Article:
Low allocation may hit modernisation plan
The dire predictions of the defence minister forecasting major cuts in the defence budget did not materialise, sweeping a wave of relief through the defence establishment.Updated: Mar 01, 2013 01:40 IST
The dire predictions of the defence minister forecasting major cuts in the defence budget did not materialise, sweeping a wave of relief through the defence establishment.
The defence budget 2013-14 with a proposed outlay of Rs. 2,03,672 crores saw a modest increase of approximately 4.5% over last year. The finance minister's allotment of Rs. 86,740.71 crores in capital acquisition budget has increased from Rs. 69,578 crores.
Interestingly, the defence budget had grown by 17% in 2011-12 and 12% in 2012-13. A mere 1.79% of the GDP, it is a far cry from the stated goal of spending 3% of GDP on defence backed by the Parliamentary Committee on Defence.
Moreover, in the context of an increasingly assertive China, the budget will only widen the gap with India as it tries to cope with the Chinese military modernisation programme. Beijing's military expenditure in real terms has grown by 620% between 1990 and 2011, while by contrast, India's has grown by 152%.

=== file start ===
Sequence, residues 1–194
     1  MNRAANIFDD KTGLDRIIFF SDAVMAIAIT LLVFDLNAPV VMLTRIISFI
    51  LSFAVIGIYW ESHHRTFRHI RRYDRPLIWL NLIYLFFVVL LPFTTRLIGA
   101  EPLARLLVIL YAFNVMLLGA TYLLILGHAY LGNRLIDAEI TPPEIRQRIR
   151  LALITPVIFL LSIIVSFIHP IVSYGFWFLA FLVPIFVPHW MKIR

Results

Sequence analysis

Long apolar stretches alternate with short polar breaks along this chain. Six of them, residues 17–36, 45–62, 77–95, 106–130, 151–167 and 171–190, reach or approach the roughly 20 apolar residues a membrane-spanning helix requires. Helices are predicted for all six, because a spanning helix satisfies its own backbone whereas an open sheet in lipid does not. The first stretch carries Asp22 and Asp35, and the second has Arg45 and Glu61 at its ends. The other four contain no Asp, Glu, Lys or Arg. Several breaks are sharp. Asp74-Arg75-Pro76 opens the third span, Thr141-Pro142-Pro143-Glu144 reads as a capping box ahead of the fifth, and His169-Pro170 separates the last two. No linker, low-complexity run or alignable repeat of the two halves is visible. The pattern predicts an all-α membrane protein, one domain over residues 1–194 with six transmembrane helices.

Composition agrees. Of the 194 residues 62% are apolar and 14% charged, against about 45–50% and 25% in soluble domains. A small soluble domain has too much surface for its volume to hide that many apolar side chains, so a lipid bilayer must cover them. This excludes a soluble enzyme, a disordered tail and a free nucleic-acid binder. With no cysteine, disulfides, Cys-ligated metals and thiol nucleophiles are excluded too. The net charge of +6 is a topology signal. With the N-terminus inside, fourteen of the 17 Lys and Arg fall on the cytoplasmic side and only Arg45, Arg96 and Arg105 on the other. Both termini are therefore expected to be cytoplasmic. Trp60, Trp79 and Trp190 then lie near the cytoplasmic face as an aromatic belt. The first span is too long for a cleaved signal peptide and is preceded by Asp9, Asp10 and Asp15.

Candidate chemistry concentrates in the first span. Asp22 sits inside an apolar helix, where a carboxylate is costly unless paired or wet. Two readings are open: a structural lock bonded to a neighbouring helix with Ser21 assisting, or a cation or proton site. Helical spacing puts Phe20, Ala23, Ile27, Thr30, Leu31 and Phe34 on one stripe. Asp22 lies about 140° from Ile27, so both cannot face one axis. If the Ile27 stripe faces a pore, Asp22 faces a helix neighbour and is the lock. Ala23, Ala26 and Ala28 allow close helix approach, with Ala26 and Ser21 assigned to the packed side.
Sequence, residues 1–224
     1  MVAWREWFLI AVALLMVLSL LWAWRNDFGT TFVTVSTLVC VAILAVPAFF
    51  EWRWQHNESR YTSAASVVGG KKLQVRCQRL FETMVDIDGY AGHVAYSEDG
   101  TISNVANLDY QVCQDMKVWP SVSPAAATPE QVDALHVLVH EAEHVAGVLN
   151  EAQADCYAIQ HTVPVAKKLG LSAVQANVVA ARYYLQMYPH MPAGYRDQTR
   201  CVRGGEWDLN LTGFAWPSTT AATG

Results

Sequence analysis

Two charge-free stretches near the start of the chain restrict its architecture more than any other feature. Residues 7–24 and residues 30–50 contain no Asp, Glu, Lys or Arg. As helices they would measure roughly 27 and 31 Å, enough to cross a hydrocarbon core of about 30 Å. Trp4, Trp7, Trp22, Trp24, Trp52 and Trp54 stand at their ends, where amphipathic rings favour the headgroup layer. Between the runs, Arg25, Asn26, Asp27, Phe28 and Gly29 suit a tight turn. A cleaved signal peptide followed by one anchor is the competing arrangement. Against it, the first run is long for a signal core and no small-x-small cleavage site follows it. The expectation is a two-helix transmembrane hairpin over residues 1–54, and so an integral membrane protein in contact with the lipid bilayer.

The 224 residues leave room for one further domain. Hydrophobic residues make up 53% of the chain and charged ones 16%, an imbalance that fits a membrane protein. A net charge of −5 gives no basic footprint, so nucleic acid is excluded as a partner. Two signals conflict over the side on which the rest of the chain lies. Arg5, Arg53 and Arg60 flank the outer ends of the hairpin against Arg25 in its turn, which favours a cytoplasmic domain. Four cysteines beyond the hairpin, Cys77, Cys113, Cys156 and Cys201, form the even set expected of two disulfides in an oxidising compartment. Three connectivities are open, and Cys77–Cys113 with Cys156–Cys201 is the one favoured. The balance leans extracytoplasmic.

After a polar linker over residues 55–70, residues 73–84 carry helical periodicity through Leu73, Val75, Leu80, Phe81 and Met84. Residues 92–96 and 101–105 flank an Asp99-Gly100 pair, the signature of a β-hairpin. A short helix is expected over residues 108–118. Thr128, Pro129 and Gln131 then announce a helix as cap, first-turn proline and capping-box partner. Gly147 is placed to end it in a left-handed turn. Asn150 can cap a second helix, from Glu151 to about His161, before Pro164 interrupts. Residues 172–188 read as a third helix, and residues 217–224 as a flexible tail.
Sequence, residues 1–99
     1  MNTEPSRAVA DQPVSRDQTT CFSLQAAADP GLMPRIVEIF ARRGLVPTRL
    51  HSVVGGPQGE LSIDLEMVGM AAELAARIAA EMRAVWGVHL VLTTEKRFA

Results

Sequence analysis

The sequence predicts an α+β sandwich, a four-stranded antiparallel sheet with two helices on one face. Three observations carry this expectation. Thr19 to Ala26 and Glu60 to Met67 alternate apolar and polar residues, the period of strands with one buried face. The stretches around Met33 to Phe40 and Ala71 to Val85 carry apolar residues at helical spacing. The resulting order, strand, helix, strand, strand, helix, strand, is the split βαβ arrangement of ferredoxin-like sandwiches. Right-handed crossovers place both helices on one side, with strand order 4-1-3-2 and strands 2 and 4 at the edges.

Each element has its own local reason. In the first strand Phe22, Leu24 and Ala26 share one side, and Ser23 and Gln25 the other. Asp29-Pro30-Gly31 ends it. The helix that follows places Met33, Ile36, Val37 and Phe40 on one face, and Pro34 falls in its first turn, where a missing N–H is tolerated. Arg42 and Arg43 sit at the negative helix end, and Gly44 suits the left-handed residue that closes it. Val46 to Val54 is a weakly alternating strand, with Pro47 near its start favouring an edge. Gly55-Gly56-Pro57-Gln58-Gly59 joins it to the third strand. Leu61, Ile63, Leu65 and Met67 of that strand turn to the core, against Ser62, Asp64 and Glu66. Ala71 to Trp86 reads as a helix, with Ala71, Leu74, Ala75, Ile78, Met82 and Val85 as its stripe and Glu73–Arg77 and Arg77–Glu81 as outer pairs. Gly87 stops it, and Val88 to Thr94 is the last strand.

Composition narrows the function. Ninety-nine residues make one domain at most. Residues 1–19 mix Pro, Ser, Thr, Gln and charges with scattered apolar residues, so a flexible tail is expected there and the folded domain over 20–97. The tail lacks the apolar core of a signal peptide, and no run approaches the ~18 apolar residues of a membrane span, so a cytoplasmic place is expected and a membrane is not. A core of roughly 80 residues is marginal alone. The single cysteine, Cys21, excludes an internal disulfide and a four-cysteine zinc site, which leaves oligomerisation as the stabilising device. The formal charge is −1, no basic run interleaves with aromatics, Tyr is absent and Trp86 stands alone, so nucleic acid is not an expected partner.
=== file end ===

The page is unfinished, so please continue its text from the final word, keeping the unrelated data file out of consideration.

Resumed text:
Consequently, the gap between the two countries' military spending which was almost negligible in 1990 has been widened by a factor of three in favour of Beijing.
India has been the largest importer of arms but the meagre increase may hamper such deals. The 'mother of all deals,' the MMRCA (Medium Multi-Role Combat Aircraft) tender for French Rafale aircraft of Dassault worth nearly $15-17billion is likely to be staggered despite negotiations almost reaching completion.
In this context, it is wise to remember that the plan to modernise the Indian military was put on hold during the 1990s which proved disastrous subsequently. It was only in the later part of the 2000s that the renewed focus on modernisation helped the military to regain its operational punch after considerable effort.